HEALTH

Sugar Mixture May Cure Cholera Says University of Central Florida

BERLIN - OCTOBER 12:  Hjalmar pours out sugar in a boiling pot on October 12, 2007 in Berlin, Germany. The Berlin based candy store produces 30 different kinds of handmade candies according traditional recipes.  (Photo by Andreas Rentz/Getty Images)

BERLIN - OCTOBER 12: Hjalmar pours out sugar in a boiling pot on October 12, 2007 in Berlin, Germany. The Berlin based candy store produces 30 different kinds of handmade candies according traditional recipes. (Photo by Andreas Rentz/Getty Images)  (2007 Getty Images)

The University of Central Florida says it has developed a new tool to fight cholera – a sugar-nanoparticle mixture.

The sugar mixture, which researchers say could someday be used to treat someone infected with cholera, which is transmitted by poor sanitation and dirty water, and perhaps other diseases. According to a study, published this week in Bioconjugate Chemistry, the mixture would also be used to test water sources to determine whether they are contaminated with cholera.

“It’s really quite amazing,” UCF assistant professor J. Manuel Perez, the lead researcher on the project, said in a news release. “It means we have a quicker diagnostic tool using a simple and relatively cheap sugar-nanoparticle combination.”

Cholera has had a devastating impact on Haiti, killing over 3,800 people in the country and sickening tens of thousands more since last October.

Dominican Republic has also been impacted by the disease, but at a much smaller scale – less than 200 people have been sickened in the country, and there have been no reported deaths. Worldwide, there have been about 3 to 5 million cases of cholera, and 100,000 to 120,000 deaths.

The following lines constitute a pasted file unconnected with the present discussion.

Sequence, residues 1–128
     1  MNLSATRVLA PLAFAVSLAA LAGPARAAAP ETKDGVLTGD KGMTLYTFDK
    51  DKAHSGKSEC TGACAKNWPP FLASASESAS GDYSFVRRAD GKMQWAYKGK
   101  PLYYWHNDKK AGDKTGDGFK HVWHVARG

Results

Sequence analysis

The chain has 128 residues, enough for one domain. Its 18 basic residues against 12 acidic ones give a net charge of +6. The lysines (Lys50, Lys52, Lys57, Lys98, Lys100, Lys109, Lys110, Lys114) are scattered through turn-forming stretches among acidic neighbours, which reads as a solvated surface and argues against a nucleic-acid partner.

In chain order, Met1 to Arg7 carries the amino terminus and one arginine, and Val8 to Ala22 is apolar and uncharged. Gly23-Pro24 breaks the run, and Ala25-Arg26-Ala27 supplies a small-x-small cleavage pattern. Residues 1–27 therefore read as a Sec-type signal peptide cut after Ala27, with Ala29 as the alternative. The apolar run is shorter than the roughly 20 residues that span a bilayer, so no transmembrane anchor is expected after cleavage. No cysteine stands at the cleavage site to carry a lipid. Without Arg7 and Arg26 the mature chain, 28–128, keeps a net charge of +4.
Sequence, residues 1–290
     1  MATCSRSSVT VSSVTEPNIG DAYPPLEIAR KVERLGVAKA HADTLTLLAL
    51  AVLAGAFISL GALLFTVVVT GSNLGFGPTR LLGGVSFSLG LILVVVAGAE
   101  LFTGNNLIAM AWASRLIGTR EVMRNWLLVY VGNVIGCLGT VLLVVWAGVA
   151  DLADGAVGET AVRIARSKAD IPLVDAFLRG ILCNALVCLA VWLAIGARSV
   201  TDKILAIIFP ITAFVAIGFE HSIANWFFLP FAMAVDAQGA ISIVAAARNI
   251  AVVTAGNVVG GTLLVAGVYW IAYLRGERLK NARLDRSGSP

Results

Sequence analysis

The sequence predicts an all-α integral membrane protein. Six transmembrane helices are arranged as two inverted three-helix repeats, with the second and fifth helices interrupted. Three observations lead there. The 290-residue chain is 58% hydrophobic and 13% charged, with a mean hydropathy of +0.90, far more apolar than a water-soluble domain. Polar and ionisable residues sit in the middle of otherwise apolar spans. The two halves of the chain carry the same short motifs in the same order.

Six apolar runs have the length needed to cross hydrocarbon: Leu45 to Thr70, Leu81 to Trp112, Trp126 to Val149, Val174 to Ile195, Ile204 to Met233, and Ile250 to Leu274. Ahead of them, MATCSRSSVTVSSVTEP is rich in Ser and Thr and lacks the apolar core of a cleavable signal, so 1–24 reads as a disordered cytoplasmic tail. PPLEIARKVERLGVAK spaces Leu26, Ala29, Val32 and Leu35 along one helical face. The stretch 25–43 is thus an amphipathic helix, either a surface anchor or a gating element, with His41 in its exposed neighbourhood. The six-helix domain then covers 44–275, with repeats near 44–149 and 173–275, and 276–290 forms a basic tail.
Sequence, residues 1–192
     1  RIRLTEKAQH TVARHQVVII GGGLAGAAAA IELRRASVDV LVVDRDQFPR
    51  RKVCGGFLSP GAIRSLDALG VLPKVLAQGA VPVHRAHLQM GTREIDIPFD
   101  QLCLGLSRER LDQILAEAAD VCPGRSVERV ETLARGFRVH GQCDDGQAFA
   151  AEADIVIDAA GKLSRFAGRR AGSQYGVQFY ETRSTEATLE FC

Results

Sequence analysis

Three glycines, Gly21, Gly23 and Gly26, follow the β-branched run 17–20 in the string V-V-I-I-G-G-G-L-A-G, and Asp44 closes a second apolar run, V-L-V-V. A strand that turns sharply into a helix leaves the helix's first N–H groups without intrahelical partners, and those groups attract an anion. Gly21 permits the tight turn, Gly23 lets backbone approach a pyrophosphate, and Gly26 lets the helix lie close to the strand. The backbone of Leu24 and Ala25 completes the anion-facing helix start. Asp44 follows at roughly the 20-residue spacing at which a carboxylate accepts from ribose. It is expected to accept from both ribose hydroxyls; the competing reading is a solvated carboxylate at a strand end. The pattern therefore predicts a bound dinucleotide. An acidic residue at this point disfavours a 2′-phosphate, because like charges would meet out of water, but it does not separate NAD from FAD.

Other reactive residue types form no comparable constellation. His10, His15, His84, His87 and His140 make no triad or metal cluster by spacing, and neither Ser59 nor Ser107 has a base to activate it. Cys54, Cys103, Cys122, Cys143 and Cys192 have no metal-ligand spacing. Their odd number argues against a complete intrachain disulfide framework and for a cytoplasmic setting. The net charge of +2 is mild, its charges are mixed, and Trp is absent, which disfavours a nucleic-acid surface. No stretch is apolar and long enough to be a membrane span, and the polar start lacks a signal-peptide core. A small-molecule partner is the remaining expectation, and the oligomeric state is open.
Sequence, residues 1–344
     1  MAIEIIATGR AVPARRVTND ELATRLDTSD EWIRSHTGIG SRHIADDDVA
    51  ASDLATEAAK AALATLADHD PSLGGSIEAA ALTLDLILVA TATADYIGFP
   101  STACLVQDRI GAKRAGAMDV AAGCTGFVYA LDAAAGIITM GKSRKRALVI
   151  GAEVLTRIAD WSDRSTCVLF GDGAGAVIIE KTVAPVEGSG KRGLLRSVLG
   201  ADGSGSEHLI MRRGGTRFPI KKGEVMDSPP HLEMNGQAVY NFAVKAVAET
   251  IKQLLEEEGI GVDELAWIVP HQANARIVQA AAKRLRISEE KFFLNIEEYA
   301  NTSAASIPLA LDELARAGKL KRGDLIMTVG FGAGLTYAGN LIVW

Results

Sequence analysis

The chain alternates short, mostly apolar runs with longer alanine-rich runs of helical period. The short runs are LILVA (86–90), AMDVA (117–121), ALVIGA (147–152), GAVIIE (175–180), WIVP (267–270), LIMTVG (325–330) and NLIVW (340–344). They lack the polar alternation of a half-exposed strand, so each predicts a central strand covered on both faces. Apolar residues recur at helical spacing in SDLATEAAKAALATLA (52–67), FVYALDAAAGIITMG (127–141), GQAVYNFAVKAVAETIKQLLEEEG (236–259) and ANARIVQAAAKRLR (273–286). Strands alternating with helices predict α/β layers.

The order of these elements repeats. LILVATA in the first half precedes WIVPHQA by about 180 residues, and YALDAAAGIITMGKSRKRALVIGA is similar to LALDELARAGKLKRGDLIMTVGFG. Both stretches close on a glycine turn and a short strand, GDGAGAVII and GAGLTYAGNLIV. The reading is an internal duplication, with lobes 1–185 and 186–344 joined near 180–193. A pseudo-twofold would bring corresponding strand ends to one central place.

More studies are needed to determine whether the sugar mixture will work. But researchers claim it would be fast and less expensive than current methods of combating cholera. And the detection system is so small -- it’s the size of a desktop computer or handheld calculator – and could be turned into mobile devices that relief workers or food screeners could use in the field.

"By developing a fast and sensitive test for cholera toxin that does not require sophisticated equipment or refrigeration, (the researchers) have provided health care workers with a potentially valuable tool for use in areas struck by natural disasters or with inadequate infrastructure," said Janna Wehrle of the National Institutes of Health, who oversees the project. “The possibility that the novel chemistry discovered by these investigators might also be useful for treating cholera is especially exciting."

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